Microsoft this week quietly released a second major version of its free security solution for individuals and very small businesses, Microsoft Security Essentials (MSE) 2.0. This version of the product looks and works much like its predecessor, but unlike the original version, which appeared in September 2009, the new version offers deeper integration with other Windows-based security technologies, including Windows Firewall and the web-based attacks protection in Internet Explorer. Like its predecessor, MSE 2 is free and works with Windows XP, Vista, and 7.
As a refresher, MSE 1.x was codenamed "Morro" and succeeded the subscription-based Windows Live OneCare. It fills in the gaping security hole in modern Windows versions by adding anti-malware functionality, providing protection against viruses, worms, spyware, and other electronic attacks. MSE has always provided a super-simple user interface, and most people won't even notice it's installed, since the UI doesn't annoy with pop-ups and other useless notifications like its predecessor. I use and recommend MSE on all of my PCs, including those used by my wife and children, none of whom are technically sophisticated. It's served us well, and none of our PCs has ever been successfully attacked.
With MSE 2, Microsoft is evolving this product in a few meaningful ways. Setup is as simple as ever, and while the main MSE application window is now curiously busier looking thanks to an unnecessary web-like graphical background, it retains the same basic UI of its predecessor, with the same Home, Update, History, and Settings tabs.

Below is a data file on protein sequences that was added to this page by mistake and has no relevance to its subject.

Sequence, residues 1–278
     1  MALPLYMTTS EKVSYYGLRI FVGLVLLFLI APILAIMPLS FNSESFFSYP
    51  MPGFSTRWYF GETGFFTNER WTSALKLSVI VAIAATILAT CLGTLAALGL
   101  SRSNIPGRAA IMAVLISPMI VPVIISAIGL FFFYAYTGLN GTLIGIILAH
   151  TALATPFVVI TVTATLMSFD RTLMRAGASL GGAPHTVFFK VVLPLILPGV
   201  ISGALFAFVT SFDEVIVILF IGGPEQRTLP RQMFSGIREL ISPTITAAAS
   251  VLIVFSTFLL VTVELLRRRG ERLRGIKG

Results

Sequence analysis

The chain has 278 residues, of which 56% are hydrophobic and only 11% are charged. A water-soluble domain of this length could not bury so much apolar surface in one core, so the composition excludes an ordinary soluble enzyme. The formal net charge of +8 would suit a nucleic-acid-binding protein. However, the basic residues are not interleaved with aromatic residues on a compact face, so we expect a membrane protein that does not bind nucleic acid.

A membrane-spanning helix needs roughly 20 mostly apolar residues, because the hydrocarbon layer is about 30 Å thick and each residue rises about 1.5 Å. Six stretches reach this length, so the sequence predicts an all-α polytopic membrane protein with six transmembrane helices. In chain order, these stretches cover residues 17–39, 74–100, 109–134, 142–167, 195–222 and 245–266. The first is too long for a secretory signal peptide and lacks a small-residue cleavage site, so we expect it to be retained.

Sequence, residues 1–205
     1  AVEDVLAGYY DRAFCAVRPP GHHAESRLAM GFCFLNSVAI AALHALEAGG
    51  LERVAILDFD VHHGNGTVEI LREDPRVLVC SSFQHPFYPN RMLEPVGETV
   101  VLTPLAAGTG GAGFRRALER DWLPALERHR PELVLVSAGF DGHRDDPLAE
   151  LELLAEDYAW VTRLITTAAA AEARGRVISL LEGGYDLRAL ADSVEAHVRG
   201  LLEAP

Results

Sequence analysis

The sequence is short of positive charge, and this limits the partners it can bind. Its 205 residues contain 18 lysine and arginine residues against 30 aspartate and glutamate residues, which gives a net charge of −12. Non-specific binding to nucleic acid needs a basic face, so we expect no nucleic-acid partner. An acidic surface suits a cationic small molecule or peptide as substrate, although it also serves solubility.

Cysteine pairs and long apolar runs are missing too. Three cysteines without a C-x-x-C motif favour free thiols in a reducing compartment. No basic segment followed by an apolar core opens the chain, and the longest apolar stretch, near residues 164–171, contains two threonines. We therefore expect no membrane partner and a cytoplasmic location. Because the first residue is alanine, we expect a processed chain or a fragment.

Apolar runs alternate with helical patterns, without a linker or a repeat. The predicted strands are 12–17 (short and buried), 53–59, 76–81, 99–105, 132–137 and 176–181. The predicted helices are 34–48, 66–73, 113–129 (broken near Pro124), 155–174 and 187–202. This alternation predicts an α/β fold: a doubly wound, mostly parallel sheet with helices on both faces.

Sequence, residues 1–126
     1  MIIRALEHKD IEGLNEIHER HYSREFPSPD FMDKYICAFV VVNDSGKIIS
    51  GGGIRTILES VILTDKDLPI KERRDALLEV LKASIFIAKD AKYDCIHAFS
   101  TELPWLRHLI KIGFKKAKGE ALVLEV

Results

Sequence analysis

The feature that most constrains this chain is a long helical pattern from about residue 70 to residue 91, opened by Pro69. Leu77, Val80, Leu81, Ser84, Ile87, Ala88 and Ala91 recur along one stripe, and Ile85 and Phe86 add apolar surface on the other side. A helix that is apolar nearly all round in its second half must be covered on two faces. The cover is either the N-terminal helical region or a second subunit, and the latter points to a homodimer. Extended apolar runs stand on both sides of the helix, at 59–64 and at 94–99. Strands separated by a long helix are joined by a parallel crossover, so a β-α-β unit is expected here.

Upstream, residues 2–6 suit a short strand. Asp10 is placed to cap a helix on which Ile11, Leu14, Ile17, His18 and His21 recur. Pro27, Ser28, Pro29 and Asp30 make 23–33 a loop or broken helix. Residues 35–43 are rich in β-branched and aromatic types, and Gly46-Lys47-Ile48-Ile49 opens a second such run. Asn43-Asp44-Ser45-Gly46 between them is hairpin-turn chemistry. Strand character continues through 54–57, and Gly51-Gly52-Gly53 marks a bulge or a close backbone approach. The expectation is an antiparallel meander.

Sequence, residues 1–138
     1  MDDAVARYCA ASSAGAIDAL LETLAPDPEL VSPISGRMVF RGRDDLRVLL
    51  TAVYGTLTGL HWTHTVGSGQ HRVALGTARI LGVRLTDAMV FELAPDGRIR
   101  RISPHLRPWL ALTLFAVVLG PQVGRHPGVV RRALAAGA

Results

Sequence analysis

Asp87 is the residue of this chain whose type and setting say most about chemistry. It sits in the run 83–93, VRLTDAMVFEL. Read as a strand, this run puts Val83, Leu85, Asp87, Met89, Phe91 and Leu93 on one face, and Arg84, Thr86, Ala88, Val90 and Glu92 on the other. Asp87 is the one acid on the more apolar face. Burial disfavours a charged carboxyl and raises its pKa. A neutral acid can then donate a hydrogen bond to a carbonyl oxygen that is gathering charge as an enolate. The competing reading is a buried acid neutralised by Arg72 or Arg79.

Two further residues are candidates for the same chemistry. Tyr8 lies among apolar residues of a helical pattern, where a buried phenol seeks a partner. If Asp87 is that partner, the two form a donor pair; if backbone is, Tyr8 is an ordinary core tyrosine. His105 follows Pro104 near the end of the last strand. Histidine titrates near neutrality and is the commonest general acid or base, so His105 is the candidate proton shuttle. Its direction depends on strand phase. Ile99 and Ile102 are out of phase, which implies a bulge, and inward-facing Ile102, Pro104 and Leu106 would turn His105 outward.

New features include:
Windows Firewall integration. MSE 2 integrates with the built-in Windows Firewall and will prompt you to enable this integration during Setup. This way, MSE can include firewall monitoring as part of its overall PC health monitoring.
New protection engine. The MSE antimalware engine has been updated to offer enhanced detection and cleanup capabilities with better performance.
Network inspection system. MSE 2 now helps protect against network-based exploits.
Other improvements. MSE 2 includes other important, if hard-to-find, changes. You can specify that CPU usage not exceed a certain limit (the default is 50 percent) during scheduled scans. MSE 2 reports when definitions were checked in addition to when they were updated so that you can be sure it's working properly if a long time has elapsed between definition updates. The real-time protection functionality offers more fine-grained control. You can now auto-remove quarantined files after a specified interval, though that option is disabled by default. And Microsoft now allows you to opt out of Microsoft SpyNet, the online community that ensures that MSE stays up to date; I don't recommend doing this for obvious reasons.
One feature, enhanced protection from web-based threats, was removed very late in the beta. According to Microsoft, this feature was removed for performance reasons.
I've updated my primary PC and laptop with MSE 2 and will continue to evaluate this version to see whether I can recommend it as strongly as its predecessor. I'm guessing that will certainly be the case, based on my excellent experiences with the beta version. If you're undaunted by new software, head on over to the Microsoft web site--MSE 2 is not yet available via the main MSE web site--and download the new version.